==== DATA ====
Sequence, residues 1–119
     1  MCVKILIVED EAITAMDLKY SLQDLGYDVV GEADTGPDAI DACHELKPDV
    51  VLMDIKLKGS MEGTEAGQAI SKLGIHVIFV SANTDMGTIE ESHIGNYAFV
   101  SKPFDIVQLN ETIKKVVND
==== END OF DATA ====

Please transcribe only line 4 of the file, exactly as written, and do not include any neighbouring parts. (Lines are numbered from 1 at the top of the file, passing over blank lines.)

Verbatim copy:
   101  SKPFDIVQLN ETIKKVVND